It was an instant hit on racing circuits too: little more than a month after the launch, Graham Hill took a roadster to victory on its debut at Oulton Park. Chassis 875027, the focus of this story, was the first E-type campaigned by American racing entrepreneur Briggs Cunningham’s famous team and its performances helped persuade Jaguar to use the E-type as the basis for a competition thoroughbred that has become one of the most coveted of all time: the Lightweight
The E-type evolved from a distinguished series of Jaguar sports cars that notched up a sequence of victories at Le Mans in the 1950s. The car’s development is covered in detail and illustrated with exquisite cutaways.
Briggs Cunningham had an interesting tale to tell away from motorsport – as did many of his racing companions. He skippered the winning yacht in the America’s Cup; his right-hand man Alfred Momo won the Targa Florio as a co-driver, aged 14, and later climbed onto the wing of an airborne biplane to repair a leaking fuel line. Their contrasting backgrounds are covered in detail.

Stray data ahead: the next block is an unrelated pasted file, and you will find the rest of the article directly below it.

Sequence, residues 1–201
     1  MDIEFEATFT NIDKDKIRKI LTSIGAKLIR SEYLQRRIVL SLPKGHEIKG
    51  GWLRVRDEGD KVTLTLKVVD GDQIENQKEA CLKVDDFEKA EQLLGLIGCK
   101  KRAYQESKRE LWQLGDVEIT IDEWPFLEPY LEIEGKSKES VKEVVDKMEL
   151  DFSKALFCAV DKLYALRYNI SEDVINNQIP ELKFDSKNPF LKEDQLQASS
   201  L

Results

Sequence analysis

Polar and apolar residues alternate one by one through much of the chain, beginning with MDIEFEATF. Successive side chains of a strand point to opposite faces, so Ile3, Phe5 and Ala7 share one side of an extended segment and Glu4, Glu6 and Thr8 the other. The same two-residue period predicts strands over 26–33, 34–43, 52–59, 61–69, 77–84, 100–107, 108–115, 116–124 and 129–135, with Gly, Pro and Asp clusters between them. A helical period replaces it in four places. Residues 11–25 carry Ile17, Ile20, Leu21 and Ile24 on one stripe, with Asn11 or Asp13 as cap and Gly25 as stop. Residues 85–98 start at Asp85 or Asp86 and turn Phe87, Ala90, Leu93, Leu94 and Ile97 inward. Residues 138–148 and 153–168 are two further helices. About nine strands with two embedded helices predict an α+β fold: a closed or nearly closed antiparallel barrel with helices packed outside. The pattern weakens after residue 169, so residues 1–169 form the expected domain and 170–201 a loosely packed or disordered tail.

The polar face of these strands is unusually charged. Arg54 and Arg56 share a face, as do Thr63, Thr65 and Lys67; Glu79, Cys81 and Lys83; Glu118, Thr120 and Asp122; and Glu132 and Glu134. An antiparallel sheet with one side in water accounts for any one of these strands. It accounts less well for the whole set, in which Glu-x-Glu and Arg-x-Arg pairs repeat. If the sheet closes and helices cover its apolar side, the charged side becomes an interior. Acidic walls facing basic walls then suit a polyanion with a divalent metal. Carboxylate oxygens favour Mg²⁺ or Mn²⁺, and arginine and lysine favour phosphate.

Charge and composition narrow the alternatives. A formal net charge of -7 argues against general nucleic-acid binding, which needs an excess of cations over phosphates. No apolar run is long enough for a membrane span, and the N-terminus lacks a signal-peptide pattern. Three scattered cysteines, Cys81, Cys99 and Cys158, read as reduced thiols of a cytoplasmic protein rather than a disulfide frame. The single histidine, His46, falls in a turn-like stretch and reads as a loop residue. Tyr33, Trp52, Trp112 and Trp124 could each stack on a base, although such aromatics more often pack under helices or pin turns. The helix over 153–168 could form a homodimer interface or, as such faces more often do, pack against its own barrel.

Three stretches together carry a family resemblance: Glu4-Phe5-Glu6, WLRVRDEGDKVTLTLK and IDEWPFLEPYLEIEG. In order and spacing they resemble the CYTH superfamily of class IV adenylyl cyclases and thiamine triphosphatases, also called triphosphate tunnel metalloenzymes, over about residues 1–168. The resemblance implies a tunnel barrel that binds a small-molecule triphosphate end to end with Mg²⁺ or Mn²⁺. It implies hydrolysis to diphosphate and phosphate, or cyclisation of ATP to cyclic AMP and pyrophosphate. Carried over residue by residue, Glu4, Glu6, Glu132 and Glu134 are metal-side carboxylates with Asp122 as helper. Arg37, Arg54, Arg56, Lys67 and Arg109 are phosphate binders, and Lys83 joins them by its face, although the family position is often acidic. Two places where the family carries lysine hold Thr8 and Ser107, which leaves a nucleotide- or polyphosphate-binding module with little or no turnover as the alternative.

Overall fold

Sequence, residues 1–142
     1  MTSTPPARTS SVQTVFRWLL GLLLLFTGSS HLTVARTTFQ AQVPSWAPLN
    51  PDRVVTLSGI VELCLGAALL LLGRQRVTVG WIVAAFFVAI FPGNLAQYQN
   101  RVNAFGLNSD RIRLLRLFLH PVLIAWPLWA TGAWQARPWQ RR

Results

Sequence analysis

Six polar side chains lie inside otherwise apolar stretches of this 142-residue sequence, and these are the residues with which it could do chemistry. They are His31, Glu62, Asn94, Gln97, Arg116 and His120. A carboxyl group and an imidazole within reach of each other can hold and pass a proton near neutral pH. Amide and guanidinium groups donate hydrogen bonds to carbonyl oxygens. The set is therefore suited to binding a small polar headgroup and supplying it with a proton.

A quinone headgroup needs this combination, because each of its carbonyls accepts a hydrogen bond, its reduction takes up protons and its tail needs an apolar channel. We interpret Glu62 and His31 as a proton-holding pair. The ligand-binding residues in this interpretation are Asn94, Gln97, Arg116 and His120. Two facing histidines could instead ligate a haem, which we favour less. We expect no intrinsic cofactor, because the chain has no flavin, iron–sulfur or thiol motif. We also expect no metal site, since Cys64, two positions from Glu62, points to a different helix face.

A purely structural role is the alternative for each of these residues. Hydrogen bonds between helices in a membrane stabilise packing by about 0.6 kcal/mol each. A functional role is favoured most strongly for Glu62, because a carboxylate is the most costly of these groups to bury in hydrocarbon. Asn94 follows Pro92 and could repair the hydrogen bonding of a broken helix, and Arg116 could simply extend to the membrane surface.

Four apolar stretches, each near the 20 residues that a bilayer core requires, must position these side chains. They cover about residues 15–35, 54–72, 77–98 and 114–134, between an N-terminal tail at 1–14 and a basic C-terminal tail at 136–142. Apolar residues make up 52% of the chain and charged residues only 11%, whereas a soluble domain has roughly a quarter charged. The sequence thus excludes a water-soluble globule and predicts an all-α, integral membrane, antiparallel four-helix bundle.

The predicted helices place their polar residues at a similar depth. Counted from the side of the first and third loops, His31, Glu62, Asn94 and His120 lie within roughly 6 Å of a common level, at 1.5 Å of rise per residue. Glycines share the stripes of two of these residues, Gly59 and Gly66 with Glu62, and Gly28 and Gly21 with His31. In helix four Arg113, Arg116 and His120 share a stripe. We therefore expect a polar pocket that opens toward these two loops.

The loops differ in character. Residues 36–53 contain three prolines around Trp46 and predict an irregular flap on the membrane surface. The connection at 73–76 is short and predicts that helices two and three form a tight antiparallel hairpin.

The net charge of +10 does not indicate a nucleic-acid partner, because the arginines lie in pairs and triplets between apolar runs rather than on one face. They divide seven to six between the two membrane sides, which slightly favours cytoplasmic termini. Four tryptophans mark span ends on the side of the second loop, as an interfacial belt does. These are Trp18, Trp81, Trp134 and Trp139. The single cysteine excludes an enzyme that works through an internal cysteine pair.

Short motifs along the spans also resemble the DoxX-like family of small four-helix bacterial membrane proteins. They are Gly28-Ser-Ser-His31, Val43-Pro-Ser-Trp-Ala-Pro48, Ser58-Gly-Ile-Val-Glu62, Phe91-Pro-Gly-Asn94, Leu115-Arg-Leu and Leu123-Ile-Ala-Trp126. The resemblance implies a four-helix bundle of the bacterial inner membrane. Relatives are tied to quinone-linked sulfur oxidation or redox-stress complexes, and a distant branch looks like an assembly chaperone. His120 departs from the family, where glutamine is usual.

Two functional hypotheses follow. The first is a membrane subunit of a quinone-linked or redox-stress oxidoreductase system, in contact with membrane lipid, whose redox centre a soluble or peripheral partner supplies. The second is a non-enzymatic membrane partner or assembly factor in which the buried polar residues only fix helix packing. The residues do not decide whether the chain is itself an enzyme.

Before aligning with Jaguar, Cunningham harboured hopes of putting together an all-American team capable of winning the Le Mans 24 Hours. His eponymous cars made their mark, without ever quite fulfilling his dream, and feature as part of an engaging wider story.
In addition to running some of motorsport’s best-known names, including Bruce McLaren, Dan Gurney and Jack Brabham, Cunningham was also associated with several unsung heroes. Here, racers such as John Fitch, Phil Walters and Walt Hansgen receive the credit they deserve.
The book is handsomely illustrated with period photographs from some of the world’s most respected collections, as well as a gallery of studio photographs showing the car as it is today.